8 Hour Day Memorial stone


Welsh political blog from several chosen contributors and the editorial staff of Cambria magazine.


Plaid Cymru - The Party of Wales, Melbourne and Oceania Branch website


Some insights into the reasons for Scottish and Welsh Independence

`"Better 4 years of wrangling than 300 years of subjugation?'"

Plaid Glyndwr
Plaid Glyndwr


h "Welsh Politics in a Nutshell"

Ali G (alter ego of `Borat') with Ron Davies (Former Welsh Secretary).

Definition of a Welsh peer: Senataff

Definition of a dead Welsh peer: Epitaff



Owain Glyndwr Lecture Web Page

(Link to Plaid Oceania website)


The long Welsh walk to devolution

 BBC NEWS 12/01/09


We'd be a more united kingdom with an independent Scotland (and Wales)
Simon Jenkins 26/09/06

Who cares, really, if the Scots one day choose independence? Would it matter if Wales and Northern Ireland, larger than half a dozen European states, wanted their own government as well as their own football team? It need not alter their allegiance to the crown. Gordon Brown and David Cameron, likely combatants at the next election, last week deplored any loosening of the union bond, as if it would jeopardise the security of the state.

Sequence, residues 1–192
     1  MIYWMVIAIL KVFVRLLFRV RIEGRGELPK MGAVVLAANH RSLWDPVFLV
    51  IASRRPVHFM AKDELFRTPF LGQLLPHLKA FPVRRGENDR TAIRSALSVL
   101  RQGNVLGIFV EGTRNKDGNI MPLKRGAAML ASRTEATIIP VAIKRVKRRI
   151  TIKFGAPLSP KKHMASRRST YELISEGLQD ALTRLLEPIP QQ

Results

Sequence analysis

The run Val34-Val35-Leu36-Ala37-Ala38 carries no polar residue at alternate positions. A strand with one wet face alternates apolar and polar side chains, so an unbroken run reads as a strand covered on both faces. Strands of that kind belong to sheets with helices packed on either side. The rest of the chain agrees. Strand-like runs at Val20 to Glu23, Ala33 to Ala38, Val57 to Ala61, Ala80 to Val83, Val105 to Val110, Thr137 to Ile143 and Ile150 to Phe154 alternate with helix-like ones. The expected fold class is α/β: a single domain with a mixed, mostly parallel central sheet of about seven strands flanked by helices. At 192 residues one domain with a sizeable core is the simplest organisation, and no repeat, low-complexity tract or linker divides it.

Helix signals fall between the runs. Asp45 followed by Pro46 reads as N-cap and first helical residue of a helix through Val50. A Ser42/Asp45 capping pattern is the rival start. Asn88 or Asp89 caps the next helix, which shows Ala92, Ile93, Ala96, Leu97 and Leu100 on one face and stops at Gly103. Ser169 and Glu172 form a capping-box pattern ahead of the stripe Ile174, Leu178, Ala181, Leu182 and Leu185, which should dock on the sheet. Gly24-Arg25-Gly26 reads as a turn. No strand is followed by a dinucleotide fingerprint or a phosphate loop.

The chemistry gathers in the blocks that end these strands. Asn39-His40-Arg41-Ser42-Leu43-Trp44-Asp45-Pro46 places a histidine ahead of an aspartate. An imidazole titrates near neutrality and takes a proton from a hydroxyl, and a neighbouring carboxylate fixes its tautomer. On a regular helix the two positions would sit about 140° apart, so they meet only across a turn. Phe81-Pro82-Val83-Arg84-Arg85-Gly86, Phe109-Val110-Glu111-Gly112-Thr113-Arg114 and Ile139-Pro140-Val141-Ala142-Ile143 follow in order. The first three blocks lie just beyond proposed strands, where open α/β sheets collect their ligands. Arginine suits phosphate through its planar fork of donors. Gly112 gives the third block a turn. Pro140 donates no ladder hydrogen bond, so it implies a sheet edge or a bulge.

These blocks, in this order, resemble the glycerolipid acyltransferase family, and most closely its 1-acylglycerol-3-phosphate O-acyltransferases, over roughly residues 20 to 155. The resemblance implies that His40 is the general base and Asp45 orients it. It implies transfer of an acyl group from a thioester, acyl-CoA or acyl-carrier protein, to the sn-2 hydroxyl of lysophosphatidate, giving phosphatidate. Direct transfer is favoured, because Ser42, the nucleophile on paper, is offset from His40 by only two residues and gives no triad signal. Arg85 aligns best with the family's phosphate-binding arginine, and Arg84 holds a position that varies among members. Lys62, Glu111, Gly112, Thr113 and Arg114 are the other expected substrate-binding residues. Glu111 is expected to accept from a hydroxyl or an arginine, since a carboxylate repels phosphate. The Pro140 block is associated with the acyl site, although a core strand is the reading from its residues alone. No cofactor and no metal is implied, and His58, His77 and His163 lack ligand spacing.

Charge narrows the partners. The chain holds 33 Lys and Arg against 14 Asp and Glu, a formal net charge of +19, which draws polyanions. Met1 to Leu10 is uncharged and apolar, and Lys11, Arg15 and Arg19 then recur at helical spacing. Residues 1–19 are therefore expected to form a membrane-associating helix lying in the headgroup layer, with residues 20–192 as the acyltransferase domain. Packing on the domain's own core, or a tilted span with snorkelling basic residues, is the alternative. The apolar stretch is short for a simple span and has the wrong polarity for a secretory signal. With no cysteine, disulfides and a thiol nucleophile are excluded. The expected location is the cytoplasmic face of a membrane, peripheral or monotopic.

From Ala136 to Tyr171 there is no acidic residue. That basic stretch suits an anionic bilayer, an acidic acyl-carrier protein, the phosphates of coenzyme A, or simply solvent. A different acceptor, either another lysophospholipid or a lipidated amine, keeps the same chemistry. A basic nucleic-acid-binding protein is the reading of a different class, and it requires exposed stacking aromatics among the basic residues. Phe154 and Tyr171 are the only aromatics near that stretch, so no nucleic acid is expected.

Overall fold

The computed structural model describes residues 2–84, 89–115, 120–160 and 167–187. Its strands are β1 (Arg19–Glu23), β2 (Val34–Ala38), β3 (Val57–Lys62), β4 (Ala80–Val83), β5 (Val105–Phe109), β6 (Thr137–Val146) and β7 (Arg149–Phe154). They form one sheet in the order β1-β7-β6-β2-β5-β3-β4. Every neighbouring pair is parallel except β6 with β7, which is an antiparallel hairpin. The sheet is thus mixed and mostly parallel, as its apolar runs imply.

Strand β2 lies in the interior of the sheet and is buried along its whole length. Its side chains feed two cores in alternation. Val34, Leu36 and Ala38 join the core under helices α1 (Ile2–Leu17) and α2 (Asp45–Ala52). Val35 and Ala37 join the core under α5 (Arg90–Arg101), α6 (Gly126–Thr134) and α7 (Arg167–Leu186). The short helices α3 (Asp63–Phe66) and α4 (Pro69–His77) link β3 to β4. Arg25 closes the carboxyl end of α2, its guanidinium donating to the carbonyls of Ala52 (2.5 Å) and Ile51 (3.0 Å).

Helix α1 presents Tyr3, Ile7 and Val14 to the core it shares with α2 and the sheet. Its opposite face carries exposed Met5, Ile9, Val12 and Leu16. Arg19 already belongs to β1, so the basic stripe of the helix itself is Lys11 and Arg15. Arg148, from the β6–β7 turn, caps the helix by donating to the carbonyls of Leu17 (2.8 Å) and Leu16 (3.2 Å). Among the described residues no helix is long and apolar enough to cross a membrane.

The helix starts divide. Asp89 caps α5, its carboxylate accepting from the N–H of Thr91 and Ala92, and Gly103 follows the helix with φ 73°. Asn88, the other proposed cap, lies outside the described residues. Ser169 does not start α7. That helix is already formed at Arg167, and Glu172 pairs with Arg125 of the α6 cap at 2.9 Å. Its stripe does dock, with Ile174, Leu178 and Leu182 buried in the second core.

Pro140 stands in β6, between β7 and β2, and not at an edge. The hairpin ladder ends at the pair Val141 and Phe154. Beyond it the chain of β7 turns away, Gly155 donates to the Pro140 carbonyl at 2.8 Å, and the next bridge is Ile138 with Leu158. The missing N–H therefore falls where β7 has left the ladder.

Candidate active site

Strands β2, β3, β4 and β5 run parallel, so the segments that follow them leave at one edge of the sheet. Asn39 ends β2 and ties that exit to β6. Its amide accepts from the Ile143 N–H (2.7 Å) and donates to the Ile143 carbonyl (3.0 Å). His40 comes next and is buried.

They join a legion of London politicians to whom the union remains a quasi-religious cause. Both Margaret Thatcher and John Major went to Scotland and wrapped themselves in the Union Jack, wiping their party off the map in doing so.

For the past five years the Scots and Welsh have shown a mature response to devolution. They rejected formal independence in favour of greater autonomy. When granted it in 1998 they used it, for the most part, sensibly and now want more. If denied it, more Scots told last week's Sunday Times they were for independence than against.

Why this should terrify the English beats me. Beyond the British Isles, Britons are ardent for political fission. They imposed federalist constitutions on their colonies (and on the Germans after the war). They supported Slovenian and Croatian separatism and went to war to assist Bosnians and Kosovans to break the Yugoslav federation......

Independent Wales would be 39% richer, claims ex-MP

People in Wales would be about 39% richer had it achieved independence more than 20 years ago, according to a report by a former Plaid Cymru MP.




A sober lesson in the problems of Nuclear Power

The nuclear fallout that haunts Welsh farmers By Catriona Davies April 2 2006